Advertising the Gospel: How Church Growth Strategies Compromise the Gospel
Technology and mass media have changed the face of western culture in the last century, bringing with it a bombardment of sounds and images no population before has ever known. As American culture becomes increasingly defined by the marketing industry, Christianity and the fundamentals of the faith are being compromised in order to assimilate and compete with the high-tech propaganda of a secular generation. Many in the non-religious community have a skewed understanding of Christians today, believing that Christianity is an elite, human-focused struggle of morality and the continual perpetuation of living “a good Christian life.” The emphasis of popular Christian culture has increasingly become a more human-focused theology, one that is negatively influencing the way western culture perceives Christianity and the Gospel.
According to James Sundquist, president of Rock-to-Salt Publishing, pop-culture Christian denominations originate from certain doctrines of the Church Growth Movement (CGM) and the Purpose Driven Church (PDC). The teachings of the CGM and the PDC began with missionaries who needed new evangelizing techniques in order to reach more people in foreign countries (feeling that the Gospel message is perhaps outdated with its growth methods) (Koester 108). These techniques soon found their way into many Western churches whose leaders were despondent over inadequate church attendance. The CGM promotes the use of psychology and sociology, as well as other contemporary methods, to increase church attendance, while deviating from any specific theology (Conway, par 2-4). Advertising and marketing are the key doctrines upheld by these churches, who believe that attendance is the only measuring factor of a church’s success. The same growth techniques that strategists apply to government and private business have been integrated for church growth (Kjos par 7). They would say, if the church has huge numbers attending, then they must be doing something right. This flawed measurement is probably the biggest difference between Bible conservatives and CGM churches. The secular strategy of conveying a human-centered message of felt needs is creating false perceptions of true Christianity today.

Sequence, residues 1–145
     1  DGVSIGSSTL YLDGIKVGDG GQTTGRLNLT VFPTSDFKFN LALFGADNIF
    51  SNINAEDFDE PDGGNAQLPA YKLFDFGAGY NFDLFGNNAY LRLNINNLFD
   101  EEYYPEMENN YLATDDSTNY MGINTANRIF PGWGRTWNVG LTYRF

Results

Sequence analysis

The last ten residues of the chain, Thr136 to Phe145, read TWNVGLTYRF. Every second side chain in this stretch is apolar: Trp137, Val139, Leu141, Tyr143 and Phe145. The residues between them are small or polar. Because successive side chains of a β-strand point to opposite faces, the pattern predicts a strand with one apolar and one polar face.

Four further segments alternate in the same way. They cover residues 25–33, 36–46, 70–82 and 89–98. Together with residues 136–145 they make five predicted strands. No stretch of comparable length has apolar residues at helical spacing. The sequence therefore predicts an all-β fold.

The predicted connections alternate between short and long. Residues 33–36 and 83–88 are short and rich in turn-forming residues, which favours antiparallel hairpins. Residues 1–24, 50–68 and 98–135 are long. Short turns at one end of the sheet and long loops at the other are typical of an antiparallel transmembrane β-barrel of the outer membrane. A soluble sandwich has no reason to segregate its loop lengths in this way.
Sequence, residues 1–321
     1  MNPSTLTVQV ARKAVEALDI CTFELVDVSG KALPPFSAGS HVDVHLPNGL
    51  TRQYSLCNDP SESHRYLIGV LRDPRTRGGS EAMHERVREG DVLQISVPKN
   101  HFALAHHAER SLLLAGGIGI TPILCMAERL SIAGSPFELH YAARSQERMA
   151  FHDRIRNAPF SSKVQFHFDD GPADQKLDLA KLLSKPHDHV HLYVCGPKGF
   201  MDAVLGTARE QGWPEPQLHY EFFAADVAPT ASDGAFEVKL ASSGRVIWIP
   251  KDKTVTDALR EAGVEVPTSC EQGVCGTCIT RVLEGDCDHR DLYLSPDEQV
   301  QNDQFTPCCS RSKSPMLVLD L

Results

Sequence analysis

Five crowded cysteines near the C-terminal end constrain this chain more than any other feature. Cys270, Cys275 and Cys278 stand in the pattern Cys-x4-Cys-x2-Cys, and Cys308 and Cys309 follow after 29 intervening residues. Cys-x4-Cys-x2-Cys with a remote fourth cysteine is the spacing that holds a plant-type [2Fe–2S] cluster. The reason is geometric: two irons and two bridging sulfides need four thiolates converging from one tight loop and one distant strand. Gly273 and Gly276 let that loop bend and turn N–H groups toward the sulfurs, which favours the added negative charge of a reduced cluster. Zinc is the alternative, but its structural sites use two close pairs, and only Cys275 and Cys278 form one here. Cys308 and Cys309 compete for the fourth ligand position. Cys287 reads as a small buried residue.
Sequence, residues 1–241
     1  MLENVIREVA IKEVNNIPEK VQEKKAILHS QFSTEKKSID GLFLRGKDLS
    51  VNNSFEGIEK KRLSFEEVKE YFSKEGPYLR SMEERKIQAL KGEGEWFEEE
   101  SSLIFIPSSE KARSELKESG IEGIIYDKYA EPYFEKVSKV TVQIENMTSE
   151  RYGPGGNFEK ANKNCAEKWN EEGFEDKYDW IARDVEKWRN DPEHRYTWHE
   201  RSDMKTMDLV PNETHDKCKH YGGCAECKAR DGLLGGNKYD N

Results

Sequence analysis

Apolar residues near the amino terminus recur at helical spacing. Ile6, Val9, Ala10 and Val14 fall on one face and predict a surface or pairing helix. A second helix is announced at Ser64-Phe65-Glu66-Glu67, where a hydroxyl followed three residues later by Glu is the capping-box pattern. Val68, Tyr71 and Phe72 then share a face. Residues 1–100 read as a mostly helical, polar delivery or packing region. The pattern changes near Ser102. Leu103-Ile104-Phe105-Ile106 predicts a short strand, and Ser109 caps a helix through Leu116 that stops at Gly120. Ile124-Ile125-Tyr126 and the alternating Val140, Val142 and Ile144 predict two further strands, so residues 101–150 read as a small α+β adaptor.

Dr. Bob Wilken, Executive Director of the Grace Evangelical Society, discusses the problems with the “generic gospel” that is presented in many of the CGM churches he surveyed. His research and supporting evidence concludes that many growth churches are calling for conscious moral change and active “leaps of faith,” rather than simple trust and God-given faith in the message of forgiveness and means towards sanctification. Os Guinness, a church growth critic cited in Dr. Wilken’s essay, writes, “Think of your church not as a religious meeting place, but as a service agency—an entity that exists to satisfy people’s needs.” The idea that Christianity’s only function is to instill moral teachings and a plan to live a “Christian life” is distorting the views of non-believers who tend to feel that Christianity is only for the elite few who are able to resist the temptations of the world. Nothing can be farther from the truth. The book of Romans describes the flesh as being weak and sinful, “For all have sinned and fall short of the glory of God” (Romans 3:23). Therefore, no one may boast about his moral living, nobody is pure unless the blood of the Lamb has covered him (Romans 3:27-28). Then one may only boast in what Christ has done for him rather than what one can do for Christ.